Defect of rabies virus phosphoprotein in its interferon-antagonist activity negatively affects viral replication in muscle cells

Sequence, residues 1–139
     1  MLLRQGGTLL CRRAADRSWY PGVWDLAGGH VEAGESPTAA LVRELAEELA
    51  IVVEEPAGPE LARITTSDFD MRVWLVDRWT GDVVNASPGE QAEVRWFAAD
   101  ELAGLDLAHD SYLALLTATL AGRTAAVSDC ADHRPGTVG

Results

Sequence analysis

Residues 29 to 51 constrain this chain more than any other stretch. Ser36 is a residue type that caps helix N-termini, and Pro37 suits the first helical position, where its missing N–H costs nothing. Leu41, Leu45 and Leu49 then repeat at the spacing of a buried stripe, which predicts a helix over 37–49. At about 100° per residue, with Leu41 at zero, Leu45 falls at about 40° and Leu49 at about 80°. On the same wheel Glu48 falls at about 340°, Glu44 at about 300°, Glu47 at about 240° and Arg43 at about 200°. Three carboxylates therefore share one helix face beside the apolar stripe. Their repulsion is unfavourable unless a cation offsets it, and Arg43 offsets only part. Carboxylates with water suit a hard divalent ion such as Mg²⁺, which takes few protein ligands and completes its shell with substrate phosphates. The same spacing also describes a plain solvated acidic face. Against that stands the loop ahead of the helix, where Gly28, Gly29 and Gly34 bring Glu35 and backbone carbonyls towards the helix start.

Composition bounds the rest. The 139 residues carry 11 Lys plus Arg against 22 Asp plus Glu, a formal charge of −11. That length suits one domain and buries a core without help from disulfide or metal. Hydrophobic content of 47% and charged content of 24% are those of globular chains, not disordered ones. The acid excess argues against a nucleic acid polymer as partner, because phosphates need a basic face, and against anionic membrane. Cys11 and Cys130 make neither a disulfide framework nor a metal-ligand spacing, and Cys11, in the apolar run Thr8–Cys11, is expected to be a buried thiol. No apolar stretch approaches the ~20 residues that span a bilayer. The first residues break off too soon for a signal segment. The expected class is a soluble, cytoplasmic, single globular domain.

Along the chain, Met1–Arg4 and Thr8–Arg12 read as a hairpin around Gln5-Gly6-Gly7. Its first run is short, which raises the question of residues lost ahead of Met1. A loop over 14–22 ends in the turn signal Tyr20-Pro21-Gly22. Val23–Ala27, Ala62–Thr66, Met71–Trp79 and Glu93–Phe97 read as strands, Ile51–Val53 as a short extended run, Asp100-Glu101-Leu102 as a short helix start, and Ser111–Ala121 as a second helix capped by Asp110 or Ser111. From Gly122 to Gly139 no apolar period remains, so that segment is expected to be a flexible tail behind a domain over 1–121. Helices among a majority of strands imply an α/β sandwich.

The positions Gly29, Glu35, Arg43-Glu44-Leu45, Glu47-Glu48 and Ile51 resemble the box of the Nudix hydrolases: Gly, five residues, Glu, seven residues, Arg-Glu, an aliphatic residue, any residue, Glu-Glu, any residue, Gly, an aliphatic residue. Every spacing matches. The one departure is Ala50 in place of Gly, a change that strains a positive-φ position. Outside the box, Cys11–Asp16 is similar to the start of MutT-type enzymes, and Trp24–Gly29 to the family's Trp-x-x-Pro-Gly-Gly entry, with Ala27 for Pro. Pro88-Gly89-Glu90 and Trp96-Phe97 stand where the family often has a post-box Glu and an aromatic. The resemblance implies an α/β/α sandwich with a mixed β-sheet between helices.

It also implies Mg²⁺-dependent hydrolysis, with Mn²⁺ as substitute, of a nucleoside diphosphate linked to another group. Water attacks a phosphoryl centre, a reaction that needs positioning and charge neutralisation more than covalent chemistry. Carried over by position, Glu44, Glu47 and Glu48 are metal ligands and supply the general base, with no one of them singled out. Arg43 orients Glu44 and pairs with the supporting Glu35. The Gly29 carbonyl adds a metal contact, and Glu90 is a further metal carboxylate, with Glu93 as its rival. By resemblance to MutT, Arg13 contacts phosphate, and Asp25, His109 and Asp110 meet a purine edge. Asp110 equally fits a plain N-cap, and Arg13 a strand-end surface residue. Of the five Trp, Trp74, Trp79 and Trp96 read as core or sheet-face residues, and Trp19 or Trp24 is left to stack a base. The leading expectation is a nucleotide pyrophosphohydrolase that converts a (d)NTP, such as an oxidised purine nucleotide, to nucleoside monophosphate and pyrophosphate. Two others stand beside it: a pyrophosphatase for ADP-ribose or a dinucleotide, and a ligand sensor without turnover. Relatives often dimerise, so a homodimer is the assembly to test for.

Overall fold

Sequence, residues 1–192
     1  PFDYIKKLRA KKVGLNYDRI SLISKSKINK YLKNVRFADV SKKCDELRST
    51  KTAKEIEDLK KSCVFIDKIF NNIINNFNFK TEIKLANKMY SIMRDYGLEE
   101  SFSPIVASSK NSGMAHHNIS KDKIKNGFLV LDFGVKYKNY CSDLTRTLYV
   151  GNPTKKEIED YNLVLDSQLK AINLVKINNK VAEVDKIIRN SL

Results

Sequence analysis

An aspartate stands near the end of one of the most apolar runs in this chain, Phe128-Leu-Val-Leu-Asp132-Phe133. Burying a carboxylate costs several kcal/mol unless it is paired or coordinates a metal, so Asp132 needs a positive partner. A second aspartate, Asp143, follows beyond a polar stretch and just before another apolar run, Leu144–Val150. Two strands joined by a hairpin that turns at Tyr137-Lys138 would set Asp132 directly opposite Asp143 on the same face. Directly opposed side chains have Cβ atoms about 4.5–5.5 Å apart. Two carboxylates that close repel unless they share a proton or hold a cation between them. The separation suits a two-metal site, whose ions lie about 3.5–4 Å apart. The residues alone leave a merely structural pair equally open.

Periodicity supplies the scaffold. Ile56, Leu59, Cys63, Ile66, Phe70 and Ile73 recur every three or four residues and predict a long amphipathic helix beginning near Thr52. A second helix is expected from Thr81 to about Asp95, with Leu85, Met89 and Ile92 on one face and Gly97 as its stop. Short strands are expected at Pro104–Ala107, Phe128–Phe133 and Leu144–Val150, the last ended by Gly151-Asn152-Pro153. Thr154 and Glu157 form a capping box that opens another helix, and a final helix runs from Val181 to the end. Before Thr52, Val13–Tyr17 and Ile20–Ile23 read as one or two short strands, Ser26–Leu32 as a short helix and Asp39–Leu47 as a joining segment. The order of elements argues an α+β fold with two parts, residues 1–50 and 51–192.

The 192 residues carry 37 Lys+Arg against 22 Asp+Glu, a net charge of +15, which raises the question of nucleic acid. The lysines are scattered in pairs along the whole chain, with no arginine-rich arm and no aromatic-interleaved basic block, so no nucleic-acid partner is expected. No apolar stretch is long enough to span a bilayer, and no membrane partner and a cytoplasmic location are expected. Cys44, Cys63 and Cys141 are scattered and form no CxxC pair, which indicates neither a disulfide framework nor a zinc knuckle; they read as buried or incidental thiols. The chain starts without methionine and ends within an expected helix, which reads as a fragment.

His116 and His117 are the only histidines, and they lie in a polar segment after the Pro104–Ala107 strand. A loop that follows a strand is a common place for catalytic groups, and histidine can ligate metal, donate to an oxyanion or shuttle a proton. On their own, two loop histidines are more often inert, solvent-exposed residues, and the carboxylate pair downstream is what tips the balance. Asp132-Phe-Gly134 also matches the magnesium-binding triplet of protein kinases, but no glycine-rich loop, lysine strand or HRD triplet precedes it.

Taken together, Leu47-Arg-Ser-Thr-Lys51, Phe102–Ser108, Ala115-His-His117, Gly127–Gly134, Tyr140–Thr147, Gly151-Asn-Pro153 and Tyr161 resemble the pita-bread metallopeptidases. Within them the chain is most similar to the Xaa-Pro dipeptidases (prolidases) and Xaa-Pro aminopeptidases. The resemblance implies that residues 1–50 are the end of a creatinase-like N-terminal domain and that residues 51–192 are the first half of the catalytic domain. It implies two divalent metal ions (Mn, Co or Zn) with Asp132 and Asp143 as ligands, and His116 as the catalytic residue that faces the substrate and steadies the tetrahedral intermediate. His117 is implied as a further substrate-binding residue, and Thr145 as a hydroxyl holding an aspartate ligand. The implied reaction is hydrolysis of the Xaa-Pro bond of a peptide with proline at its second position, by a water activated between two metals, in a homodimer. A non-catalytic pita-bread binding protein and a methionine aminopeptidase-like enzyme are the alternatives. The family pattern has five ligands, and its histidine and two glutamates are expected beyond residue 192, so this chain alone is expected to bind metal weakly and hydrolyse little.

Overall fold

The rabies virus Ni-CE strain causes nonlethal infection in adult mice after intracerebral inoculation, whereas the parental Nishigahara (Ni) strain kills mice. We previously reported that the chimeric CE(NiN) strain with the N gene from the Ni strain in the genetic background of the Ni-CE strain kills adult mice, indicating that the N gene is related to the different pathogenicities of Ni and Ni-CE strains. In the present study, to obtain an insight into the mechanism by which the N gene determines viral pathogenicity, we compared the effects of Ni, Ni-CE, and CE(NiN) infections on host gene expressions using a human neuroblastoma cell line. Microarray analysis of these infected cells revealed that the expression levels of particular genes in Ni- and CE(NiN)-infected cells, including beta interferon (IFN-beta) and chemokine genes (i.e., CXCL10 and CCL5) were lower than those in Ni-CE-infected cells. We also demonstrated that Ni-CE infection activated the interferon regulatory factor 3 (IRF-3)-dependent IFN-beta promoter and induced IRF-3 nuclear translocation more efficiently than did Ni or CE(NiN) infection. Furthermore, we showed that Ni-CE infection, but not Ni or CE(NiN) infection, strongly activates the IRF-3 pathway through activation of RIG-I, which is known as a cellular sensor of virus infection. These findings indicate that the N protein of rabies virus (Ni strain) has a function to evade the activation of RIG-I. To our knowledge, this is the first report that the Mononegavirales N protein functions to evade induction of host IFN and chemokines.